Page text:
So Together Yet So Alone: My Strange & Complicated Pandemic Loneliness

pandemic loneliness pandemic loneliness

We are standing on the sidewalk, my husband, daughter and I, trying to talk to our friends, who are on their front lawn. I’ve been looking forward to this all day, this meager but exciting social outing. People! Human contact! Friends! Talking to people other than my family members! In 3-D!  So many months into quarantine, I feel such desperation, such loneliness, such a visceral need to be with anyone other than the two other members of my family.

But as we stand there, much more than six feet away from one another, it feels awful. They offer us wine and we decline (we shouldn’t drink from their glasses, should we?) and I spend most of the tense 30 minutes monitoring my child’s movements — is she too close to the other kids? Are they getting too close to her? Does she feel left out, since the siblings can touch and play and grab at each other and she can’t? Is she coming over and clinging to me because she is now so unaccustomed to being with others, or because she feels genuinely uneasy?

These are dear friends, people with whom we’ve shared countless meals and playdates. We’ve traveled with them, our kids have shared beds and dessert and crayons. And now the gulf between us feels like a moat we can’t cross.

We should go home, I whisper to my husband. This isn’t fun. I am in a wretched mood for the rest of the night. We shouldn’t do that again, my husband says. It did something to you. Why did I let myself have a taste of normalcy, which turned out to be even further from normal than I’d ever anticipated? Why did I think this sad replica would even begin to fulfill my deep need for connection and community? Why did I think this would stanch my ever-increasing loneliness?

For most of the first month of quarantine, I coped by making myself forget that the outside world existed. If I could lull myself into believing that the three of us lived safely (and healthfully) on a little island called Our Apartment, I was okay. Grateful, even. Pan out beyond the confines of our walls, however, and panic would start to set in. And not just panic — a seismic loneliness for my old life, for the world I knew. A life in which I depended on my girlfriends to calm me down, keep me sane, make me laugh, help me see my life with greater clarity. A life in which I’d show up on one of their stoops in a state of total distress, be handed a mug of tea and a cookie, and leave ready to reenter the world, my head once again screwed on right.

And yet I have also always been a person who counted on swaths of alone time. Abnormally wide swaths. Even before the pandemic, my family knew when to leave me alone. Coming back to my apartment after morning drop-off was always the sweetest relief; I had the space fully to myself. Perhaps I needed this silence and privacy so badly as a complement to the intensity and frequency of my socializing, which is why those hours sitting in my house writing never felt lonely. They felt rejuvenating and vital. I’d found the perfect balance.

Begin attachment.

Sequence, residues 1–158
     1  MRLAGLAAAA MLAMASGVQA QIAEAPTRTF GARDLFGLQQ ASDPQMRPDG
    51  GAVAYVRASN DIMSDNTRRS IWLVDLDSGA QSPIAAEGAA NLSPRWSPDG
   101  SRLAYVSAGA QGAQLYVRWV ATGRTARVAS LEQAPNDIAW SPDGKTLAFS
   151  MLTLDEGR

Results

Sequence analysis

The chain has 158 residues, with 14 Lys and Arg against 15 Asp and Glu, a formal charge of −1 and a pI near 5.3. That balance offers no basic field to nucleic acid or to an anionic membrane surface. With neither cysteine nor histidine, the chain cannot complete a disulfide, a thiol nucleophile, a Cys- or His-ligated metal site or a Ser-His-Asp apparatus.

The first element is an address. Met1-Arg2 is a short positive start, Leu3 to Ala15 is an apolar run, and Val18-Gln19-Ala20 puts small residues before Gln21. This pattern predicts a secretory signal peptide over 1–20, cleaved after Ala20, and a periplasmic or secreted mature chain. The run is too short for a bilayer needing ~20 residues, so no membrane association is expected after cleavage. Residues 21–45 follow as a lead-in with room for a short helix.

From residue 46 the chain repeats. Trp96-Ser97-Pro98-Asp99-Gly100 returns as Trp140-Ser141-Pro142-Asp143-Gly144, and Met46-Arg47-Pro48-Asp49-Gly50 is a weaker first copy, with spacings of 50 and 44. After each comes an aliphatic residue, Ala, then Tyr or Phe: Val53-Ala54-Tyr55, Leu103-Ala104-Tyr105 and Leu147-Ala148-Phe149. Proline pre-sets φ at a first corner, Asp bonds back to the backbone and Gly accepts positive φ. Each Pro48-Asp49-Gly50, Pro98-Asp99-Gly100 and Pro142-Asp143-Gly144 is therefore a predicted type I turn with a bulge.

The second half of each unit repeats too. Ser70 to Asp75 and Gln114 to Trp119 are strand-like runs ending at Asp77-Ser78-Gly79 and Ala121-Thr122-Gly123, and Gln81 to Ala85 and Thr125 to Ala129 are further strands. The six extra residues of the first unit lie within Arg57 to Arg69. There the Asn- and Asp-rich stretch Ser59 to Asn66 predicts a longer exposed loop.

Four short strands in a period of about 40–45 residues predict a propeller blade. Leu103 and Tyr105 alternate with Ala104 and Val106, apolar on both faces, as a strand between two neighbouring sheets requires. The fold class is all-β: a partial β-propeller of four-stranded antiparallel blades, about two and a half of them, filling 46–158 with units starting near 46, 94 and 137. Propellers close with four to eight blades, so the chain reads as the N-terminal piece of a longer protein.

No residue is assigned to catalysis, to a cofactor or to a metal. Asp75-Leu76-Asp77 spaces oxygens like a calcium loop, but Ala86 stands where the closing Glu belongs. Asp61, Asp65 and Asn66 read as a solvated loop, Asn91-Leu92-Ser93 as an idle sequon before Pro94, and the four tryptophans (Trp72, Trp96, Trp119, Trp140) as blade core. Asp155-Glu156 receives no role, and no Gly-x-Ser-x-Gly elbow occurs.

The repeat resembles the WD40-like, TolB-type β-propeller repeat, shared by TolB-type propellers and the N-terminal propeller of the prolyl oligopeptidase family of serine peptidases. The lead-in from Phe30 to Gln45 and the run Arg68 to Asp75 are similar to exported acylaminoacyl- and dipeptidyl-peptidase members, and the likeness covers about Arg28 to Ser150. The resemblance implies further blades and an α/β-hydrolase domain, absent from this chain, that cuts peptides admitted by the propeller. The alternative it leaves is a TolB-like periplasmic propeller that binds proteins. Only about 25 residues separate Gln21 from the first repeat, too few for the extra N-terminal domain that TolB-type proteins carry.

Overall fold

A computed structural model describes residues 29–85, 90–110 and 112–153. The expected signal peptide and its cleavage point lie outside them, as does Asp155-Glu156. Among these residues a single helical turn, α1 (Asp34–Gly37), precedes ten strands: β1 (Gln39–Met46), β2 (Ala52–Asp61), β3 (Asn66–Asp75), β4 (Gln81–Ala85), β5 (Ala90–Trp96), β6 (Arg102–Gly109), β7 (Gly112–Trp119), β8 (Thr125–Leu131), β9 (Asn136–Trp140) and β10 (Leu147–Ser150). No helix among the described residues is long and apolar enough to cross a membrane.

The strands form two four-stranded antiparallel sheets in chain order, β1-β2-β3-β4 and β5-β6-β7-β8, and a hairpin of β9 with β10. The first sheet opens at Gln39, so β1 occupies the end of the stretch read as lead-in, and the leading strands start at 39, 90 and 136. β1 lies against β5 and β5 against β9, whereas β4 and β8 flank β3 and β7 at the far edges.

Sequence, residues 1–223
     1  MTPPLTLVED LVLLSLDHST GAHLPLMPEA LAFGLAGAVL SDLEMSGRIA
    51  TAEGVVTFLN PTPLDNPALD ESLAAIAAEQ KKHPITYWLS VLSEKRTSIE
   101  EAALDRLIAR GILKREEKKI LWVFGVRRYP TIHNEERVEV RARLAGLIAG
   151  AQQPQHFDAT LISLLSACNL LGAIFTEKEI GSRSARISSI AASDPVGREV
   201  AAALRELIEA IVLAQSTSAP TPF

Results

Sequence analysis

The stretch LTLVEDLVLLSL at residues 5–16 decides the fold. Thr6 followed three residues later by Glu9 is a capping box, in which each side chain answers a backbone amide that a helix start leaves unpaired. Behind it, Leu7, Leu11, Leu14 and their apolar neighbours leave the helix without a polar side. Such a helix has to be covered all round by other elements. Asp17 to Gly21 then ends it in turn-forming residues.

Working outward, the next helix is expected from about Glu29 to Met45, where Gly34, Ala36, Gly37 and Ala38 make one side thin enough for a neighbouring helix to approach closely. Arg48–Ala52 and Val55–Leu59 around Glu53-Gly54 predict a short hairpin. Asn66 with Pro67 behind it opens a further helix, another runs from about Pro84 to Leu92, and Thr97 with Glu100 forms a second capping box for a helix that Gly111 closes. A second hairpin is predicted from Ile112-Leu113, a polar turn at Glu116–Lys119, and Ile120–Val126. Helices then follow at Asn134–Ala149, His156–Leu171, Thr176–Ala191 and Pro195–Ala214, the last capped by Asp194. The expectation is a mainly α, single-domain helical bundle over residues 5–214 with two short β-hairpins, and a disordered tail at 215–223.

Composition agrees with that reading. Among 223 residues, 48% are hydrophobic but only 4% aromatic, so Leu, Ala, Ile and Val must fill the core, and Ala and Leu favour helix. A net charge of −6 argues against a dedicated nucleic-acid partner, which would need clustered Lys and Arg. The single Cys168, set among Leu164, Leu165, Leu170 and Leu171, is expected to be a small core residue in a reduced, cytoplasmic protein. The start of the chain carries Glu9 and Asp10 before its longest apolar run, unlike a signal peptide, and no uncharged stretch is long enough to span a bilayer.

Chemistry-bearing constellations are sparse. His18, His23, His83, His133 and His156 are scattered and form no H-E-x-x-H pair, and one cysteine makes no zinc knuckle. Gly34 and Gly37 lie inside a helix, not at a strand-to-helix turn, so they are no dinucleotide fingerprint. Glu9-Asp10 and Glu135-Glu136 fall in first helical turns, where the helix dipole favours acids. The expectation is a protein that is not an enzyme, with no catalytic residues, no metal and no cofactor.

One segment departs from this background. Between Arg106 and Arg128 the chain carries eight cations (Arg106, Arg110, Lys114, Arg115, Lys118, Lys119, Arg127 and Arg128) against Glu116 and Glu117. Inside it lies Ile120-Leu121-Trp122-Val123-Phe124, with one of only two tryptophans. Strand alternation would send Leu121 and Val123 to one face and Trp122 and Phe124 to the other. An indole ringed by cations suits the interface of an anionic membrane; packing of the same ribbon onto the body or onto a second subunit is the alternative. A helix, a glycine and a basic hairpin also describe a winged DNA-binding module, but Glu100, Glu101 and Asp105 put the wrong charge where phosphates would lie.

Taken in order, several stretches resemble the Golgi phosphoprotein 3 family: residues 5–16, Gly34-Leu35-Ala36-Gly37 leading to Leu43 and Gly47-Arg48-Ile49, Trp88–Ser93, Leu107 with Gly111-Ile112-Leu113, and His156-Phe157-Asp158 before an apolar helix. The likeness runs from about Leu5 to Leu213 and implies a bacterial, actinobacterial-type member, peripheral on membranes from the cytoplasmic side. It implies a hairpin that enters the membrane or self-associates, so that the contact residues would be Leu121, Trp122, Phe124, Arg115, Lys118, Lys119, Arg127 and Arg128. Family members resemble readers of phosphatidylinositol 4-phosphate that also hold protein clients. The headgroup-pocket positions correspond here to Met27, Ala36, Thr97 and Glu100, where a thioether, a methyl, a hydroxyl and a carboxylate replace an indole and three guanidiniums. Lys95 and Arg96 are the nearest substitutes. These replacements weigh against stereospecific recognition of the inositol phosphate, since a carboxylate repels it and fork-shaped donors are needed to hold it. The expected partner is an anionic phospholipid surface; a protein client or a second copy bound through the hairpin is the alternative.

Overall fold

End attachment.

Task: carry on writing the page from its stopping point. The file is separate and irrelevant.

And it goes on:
And here is the trickiest thing about this quarantine: I have neither social connection nor alone time. I have friends and family members who have been actually alone during this pandemic, and my heart breaks for them. I, on the other hand, cannot enter a room without someone either being in it already, or following me into it (and I don’t have a big family!). I haven’t been alone in ages. And yet I am deeply lonely.


Over the last few months I have been trying to figure out how to see people, to get more comfortable with the weirdness of sitting across the lawn from a friend with whom I used to share a couch, a spoon, the taste of a cocktail. To yell at my child, “too close!” and watch her back away from her best friend. I have also managed a few hours to myself, but even when I do — hello, pooping time — I am no longer psychically alone, which is what I crave most. I can always sense my husband and daughter, or worse, hear them, on the other side of the door: coughing, talking, sniffling, cleaning, playing, eating, fighting. The sounds of people going about their ordinary lives. And my irritation at this is at times so extreme, so urgent. Both the togetherness and the alone-ness feel like sad replicas of Life Before.

I wish I could say I’ve found a way to manage, and in some ways I have: long, solo walks in the morning before anyone in my family is awake, lengthy phone calls to faraway friends, nighttime baths with every possible door closed, Bose headphones. But in other ways I can feel that I am simply holding on, simply surviving. I am learning to live without both things I was convinced I needed, just like I’m learning to live without so many other things: my parents, elderly and so far away; my sister, whom I can no longer hug; school or camp for my child; leaders who I trust will make smart, science-based decisions. I am learning that even in our fear and terror and anger, we are resilient and capable. That we will, one breath at a time, and surely inelegantly, find a way through.

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Abigail Rasminsky lives in LA with her husband and daughter. Her work has been published in the New York Times, O: The Oprah Magazine, and The Cut, among other publications. She teaches writing at USC Keck School of Medicine. Visit her at